I have sketched the veil of celebrity covering Mr. Bankman-Fried, and I am confident someone will do the same for the accounting and financial machinations that allowed his scheme to become as successful as it was. We will eventually learn how much investor money was wasted and how many users were despoiled. Inevitably, these stories become documentaries and TV series and bestsellers, by which point it will become obvious why someone like Mr. Bankman-Fried could become as successful as he has become. Our media and some part of our society, at elite levels as well as among ordinary people, are obsessed with narratives and care less and less for even the pretense of justice or reasonableness. People who believe that narratives can change the world are not infrequently mad, I would like to suggest, and vulnerable to the madness of others, too.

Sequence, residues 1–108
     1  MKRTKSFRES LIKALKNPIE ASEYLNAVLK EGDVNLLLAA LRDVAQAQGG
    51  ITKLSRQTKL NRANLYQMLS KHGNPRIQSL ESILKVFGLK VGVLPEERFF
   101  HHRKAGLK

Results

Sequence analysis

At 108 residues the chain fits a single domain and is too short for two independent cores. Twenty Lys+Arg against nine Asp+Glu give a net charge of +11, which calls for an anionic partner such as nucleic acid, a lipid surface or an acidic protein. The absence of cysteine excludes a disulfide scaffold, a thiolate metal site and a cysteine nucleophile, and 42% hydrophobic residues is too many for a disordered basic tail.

Unlike Ms. Holmes, who has already gotten her entertainment afterlife, Mr. Bankman-Fried was successful in Silicon Valley without having any previous connection to it. FTX was backed by Sequoia Capital, the most storied venture capital firm, which has just announced to its limited partners that it expects a loss of more than $200 million in this debacle. Most of the investors seem to have been very large businesses and fairly competent about their investments: BlackRock, SoftBank, Tiger Global Management, the Ontario Teachers’ Pension Plan. Large losses are not a major problem for them. But on the other hand, they seem mad to have invested, whereas the celebrities seem merely foolish—they have no knowledge of investment. Maybe the funniest thing about the FTX disaster is that it took in the professionals, whereas we are usually worried about ordinary people, typically ignorant of finance, losing money in cryptocurrency investments. Part of the dark humor is that all this investment came in 2022, when cryptocurrencies lost most of their value. These are signs that the respectable financial institutions are neither immune to the charms of new financial schemes nor better able to judge events than ordinary people. The Bankman-Frieds of the world offer a delusion their victims welcome, and I believe the uncertainty of the times encourages bad decisions even more than the need to keep up with new investment enterprises.